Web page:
Turbulent Times: Legal Battles and Political Drama in the US

From significant legal battles challenging the SEC to political drama involving former president Trump and his prosecutions, the current landscape of US news is intense and multifaceted. Additionally, landmark rulings and legal actions on gender-affirming healthcare, gun control, environmental regulations, and historical injustices reflect the deeply polarized and dynamic state of US domestic affairs.


Reuters | Updated: 12-06-2024 05:21 IST | Created: 12-06-2024 05:21 IST
Turbulent Times: Legal Battles and Political Drama in the US

Following is a summary of current US domestic news briefs.

Analysis-As Supreme Court decisions loom, a legal assault is weakening SEC's power

A legal assault on the U.S. Securities and Exchange Commission is chipping away at its powers to oversee Wall Street and is likely to intensify with two imminent Supreme Court rulings. A U.S. appeals court last week overturned a major SEC rule imposing stricter oversight of private funds, in a fresh blow for Democratic Chair Gary Gensler's ambitious agenda to boost transparency and stamp out conflicts of interest on Wall Street.

Manhattan DA to testify to House committee after Trump sentencing

Manhattan District Attorney Alvin Bragg will testify before Congress on July 12, a day after former U.S. President Donald Trump is sentenced in his hush money case, a person familiar with the matter said on Tuesday. Republicans on the House of Representatives Judiciary Committee said on X they had also secured testimony from Matthew Colangelo, a prosecutor on Bragg's team and a former Justice Department official.

US industry groups sue to block 'forever chemical' drinking-water rule

U.S. manufacturing and chemical industry groups have filed a lawsuit seeking to block a federal rule announced this year setting the first-ever drinking water standard to protect people against toxic "forever chemicals." The rule is intended to reduce exposure to the group of 15,000 chemicals known as per- and polyfluoroalkyl substances (PFAS) for approximately 100 million people. It would avoid deaths that have been linked to PFAS, according to the EPA.

Supreme Court's Alito appears to back US return to 'godliness' in secret recording

Conservative U.S. Supreme Court Justice Samuel Alito in a secret recording made public on Monday by a liberal activist can be heard agreeing with the sentiment that the U.S. should return "to a place of godliness." Reuters could not independently verify the authenticity of the recording that activist Lauren Windsor posted on social media and provided to the media outlet Rolling Stone.

US judge strikes down Florida ban on gender-affirming healthcare

A federal judge ruled on Tuesday that parts of Florida's ban of puberty blockers and hormone therapy for transgender children and restrictions on gender-affirming healthcare for adults are unconstitutional and ordered that it not be enforced.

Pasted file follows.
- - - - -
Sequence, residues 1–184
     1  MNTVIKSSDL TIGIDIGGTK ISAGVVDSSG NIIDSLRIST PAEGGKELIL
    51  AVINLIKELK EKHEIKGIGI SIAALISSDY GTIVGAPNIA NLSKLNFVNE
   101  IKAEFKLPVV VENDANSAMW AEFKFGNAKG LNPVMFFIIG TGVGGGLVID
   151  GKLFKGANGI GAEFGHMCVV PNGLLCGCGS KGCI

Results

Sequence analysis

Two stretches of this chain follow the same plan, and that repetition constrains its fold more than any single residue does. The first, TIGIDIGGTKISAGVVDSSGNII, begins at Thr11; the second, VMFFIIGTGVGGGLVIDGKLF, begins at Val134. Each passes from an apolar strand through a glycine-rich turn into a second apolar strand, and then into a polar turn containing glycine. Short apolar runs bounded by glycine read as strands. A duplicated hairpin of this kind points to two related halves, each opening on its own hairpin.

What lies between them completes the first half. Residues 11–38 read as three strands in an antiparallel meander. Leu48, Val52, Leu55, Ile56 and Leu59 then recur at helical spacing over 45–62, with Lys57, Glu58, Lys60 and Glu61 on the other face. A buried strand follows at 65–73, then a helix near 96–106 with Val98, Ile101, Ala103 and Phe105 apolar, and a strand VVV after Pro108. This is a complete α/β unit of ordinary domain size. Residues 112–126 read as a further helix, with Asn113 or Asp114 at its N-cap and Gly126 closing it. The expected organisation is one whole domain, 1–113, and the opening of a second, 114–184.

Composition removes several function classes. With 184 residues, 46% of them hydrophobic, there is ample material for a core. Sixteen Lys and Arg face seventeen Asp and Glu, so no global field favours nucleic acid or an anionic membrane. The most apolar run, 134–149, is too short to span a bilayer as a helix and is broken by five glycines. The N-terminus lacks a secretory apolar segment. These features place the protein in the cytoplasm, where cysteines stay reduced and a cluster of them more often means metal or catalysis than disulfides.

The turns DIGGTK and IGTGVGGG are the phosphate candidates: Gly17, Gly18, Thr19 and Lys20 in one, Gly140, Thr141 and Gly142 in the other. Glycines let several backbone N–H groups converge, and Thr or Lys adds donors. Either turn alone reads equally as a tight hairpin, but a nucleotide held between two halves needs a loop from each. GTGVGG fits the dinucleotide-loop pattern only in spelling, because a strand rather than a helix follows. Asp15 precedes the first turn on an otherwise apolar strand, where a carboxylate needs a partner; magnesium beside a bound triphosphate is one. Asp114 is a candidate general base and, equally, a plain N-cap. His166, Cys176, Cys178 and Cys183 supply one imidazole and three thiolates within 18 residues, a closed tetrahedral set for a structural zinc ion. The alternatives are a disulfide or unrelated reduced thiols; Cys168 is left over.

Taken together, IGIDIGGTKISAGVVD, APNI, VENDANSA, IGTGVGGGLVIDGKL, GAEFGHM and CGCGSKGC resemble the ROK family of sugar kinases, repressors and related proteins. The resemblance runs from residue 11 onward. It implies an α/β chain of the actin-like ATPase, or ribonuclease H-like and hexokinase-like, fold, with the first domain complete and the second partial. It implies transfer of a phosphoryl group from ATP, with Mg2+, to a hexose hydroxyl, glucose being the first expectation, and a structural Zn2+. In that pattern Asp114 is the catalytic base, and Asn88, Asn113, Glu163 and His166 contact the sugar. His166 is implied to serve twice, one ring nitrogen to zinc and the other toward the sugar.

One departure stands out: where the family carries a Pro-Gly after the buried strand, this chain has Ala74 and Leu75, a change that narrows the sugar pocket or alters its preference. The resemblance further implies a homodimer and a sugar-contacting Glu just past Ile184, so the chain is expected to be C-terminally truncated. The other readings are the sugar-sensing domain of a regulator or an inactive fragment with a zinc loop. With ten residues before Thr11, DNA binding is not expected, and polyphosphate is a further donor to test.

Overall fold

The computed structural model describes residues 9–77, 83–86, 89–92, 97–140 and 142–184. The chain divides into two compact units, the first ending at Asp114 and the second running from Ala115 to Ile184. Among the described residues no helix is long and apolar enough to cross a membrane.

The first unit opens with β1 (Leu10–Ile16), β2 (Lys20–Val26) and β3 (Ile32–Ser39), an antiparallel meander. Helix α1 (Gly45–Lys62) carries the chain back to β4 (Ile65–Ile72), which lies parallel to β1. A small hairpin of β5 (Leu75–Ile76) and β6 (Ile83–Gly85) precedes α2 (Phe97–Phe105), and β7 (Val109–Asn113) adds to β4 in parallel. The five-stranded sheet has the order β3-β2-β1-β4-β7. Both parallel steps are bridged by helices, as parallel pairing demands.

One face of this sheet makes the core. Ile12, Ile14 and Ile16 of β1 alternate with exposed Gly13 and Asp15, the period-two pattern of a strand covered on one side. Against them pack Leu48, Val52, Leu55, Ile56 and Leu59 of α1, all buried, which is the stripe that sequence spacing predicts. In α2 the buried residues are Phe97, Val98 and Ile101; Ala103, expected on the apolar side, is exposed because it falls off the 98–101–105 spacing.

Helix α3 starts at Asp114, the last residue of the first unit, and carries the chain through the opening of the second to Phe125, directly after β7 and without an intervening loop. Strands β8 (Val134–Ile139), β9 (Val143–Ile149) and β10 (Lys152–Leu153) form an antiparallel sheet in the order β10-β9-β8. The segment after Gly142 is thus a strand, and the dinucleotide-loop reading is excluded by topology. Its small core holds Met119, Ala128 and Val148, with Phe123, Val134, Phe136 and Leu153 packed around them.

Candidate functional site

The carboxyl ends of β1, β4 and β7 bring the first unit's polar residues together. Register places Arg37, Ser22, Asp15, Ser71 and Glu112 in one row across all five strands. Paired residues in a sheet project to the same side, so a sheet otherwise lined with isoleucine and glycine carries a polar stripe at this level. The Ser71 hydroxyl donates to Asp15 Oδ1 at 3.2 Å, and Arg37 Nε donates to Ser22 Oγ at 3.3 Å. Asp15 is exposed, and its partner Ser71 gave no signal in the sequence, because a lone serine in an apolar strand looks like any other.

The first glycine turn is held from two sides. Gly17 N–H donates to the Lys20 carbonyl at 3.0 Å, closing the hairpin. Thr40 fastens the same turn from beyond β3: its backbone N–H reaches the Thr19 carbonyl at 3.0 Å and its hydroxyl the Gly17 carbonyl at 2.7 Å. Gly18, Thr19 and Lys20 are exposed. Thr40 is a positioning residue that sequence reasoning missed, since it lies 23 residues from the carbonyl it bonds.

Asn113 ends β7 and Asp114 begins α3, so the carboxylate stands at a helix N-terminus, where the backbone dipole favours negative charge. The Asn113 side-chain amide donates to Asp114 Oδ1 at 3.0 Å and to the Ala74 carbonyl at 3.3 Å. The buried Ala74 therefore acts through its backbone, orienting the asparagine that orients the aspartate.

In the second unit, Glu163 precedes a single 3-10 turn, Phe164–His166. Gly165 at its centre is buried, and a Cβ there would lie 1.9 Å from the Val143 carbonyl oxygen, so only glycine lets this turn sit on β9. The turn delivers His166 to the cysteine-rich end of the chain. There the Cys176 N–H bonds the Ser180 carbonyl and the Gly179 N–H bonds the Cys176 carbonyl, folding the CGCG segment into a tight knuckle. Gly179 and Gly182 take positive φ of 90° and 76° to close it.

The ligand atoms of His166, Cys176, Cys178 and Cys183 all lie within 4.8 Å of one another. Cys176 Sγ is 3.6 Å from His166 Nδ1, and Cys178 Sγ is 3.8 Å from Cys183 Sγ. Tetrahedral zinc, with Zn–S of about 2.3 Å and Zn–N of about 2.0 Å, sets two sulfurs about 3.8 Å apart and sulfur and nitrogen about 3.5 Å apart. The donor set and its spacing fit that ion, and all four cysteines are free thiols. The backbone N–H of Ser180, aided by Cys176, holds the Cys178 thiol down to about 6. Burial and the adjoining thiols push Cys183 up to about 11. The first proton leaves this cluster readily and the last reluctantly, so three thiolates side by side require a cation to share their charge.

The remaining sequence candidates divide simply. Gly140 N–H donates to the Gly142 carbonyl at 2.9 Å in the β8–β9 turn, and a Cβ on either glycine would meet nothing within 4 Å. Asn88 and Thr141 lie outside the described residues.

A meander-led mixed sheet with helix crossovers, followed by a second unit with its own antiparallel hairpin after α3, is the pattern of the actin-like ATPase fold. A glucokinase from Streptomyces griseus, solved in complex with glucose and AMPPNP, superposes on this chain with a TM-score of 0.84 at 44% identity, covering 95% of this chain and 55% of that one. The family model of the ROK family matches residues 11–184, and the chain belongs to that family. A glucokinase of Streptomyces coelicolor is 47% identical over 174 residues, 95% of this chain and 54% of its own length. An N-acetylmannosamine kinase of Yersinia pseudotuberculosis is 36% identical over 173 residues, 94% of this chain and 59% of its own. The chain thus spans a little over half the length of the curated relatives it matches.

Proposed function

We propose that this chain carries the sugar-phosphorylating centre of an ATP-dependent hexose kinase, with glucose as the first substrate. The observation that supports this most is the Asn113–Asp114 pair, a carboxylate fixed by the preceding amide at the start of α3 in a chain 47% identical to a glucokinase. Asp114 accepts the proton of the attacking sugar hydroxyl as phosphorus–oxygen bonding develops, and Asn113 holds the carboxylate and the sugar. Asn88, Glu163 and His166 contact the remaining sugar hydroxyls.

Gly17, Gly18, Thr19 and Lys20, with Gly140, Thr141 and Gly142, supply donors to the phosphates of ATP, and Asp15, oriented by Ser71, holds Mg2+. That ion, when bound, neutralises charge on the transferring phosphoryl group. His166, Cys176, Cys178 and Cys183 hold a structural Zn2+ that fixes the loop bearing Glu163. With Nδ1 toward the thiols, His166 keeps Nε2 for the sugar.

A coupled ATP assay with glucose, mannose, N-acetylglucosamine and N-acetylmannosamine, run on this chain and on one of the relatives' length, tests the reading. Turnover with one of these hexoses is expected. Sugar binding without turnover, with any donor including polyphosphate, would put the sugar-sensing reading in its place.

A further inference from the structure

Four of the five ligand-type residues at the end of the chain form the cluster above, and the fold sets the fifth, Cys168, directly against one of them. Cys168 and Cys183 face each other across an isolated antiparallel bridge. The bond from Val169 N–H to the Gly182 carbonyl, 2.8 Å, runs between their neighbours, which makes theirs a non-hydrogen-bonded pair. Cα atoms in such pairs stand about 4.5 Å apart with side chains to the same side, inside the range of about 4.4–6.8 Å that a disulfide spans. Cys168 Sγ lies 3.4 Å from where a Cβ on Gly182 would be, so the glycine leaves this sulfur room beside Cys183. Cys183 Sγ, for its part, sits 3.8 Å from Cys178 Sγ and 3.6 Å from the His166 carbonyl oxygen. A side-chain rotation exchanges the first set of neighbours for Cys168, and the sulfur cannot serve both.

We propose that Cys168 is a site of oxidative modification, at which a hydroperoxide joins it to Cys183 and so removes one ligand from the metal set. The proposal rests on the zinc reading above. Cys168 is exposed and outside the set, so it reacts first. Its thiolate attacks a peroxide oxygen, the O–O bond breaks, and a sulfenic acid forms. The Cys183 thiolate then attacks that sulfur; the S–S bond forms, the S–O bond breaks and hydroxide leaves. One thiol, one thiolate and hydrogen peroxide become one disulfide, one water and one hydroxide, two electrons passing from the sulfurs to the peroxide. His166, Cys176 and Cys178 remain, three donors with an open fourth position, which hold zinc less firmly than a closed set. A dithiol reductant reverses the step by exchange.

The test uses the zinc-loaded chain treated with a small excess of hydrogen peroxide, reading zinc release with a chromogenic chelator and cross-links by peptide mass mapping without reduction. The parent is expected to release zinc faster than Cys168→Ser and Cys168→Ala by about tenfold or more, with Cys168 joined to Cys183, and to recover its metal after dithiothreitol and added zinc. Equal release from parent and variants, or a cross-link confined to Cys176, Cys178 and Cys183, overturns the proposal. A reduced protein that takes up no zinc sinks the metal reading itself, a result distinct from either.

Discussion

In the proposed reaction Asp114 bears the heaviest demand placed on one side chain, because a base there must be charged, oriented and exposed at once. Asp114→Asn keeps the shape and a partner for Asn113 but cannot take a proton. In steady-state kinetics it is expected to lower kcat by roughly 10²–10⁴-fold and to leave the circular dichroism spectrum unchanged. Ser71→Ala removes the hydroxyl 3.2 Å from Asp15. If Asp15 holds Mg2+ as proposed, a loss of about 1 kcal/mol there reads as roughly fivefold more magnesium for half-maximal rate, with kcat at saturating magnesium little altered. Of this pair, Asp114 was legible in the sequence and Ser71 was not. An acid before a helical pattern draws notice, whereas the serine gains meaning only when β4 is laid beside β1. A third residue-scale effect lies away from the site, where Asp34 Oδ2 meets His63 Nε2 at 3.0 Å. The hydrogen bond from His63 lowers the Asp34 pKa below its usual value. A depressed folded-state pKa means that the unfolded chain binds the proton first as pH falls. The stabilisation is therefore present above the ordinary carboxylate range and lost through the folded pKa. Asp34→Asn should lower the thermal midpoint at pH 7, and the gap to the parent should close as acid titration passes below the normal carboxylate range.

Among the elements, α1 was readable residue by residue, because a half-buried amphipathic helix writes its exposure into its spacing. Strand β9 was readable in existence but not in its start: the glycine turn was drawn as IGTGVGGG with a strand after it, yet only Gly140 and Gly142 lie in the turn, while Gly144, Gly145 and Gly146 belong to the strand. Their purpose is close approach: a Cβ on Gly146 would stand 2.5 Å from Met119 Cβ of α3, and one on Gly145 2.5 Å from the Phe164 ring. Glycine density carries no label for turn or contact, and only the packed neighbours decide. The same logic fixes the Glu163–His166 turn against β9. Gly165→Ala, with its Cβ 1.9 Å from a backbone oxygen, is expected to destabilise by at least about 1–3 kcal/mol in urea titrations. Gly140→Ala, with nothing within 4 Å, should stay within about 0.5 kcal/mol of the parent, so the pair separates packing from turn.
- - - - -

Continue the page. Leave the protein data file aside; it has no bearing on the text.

Republican Florida Governor Ron DeSantis signed the restrictions into law in 2023, banning people under the age of 18 from receiving puberty blockers or hormone therapy to treat gender dysphoria, though the law allowed children who had begun receiving gender-affirming care before May 17, 2023, to continue to do so with new restrictions.

Johnson & Johnson reaches $700 million talc settlement with US states

Johnson & Johnson has agreed to pay $700 million to settle an investigation by 42 U.S. states and Washington, D.C. into its marketing of baby powder and other talc-based products blamed for allegedly causing cancer. The settlement resolves charges that Johnson & Johnson misled consumers into believing its talc products, which it sold for more than a century before stopping, were safe.

President's son Hunter Biden convicted of lying about drug use to buy gun

President Joe Biden's son Hunter Biden was convicted by a jury on Tuesday of lying about his illegal drug use to buy a gun, making him the first child of a sitting U.S. president to be convicted of a crime. A 12-member jury in Wilmington, Delaware - the Bidens' hometown - found the defendant guilty on all three counts against him.

Battle for Congress: Republicans pick favorites in Nevada, South Carolina

Republican Sam Brown will try to walk away with his party's nomination for the U.S. Senate on Tuesday in Nevada, one of four states where voters will make their party picks for the November general election. Brown, a former U.S. Army captain backed by Senate Republicans, including Senate Minority Leader Mitch McConnell, hopes to fend off two rivals, including Donald Trump's former U.S. ambassador to Iceland Jeff Gunter, in a battle that could impact Republican hopes of winning Senate control.

Rights group sues Virginia school district over Confederate names

Virginia's chapter of the National Association for the Advancement of Colored People filed a federal lawsuit on Tuesday against a school district that restored the names of Confederate generals at two public schools. The move by Shenandoah County Public School sends a message of "Black inferiority and subjugation," the complaint filed by the NAACP chapter in the U.S. District Court in Virginia said.

Biden speaks on gun safety after his son is found guilty on firearms charges

President Joe Biden showcased his administration's efforts to cut down on illegal gun trafficking and reduce crime at a gun violence prevention summit on Tuesday, just hours after his son Hunter was convicted of lying about his drug use to illegally buy a gun. Biden issued a written statement saying he accepted the outcome of the case, but did not address the issue during an address on Tuesday to survivors of gun violence, mayors, parents and educators. Biden was set to return to Wilmington, Delaware later in the day to be with his son.

(This story has not been edited by Devdiscourse staff and is auto-generated from a syndicated feed.)

Give Feedback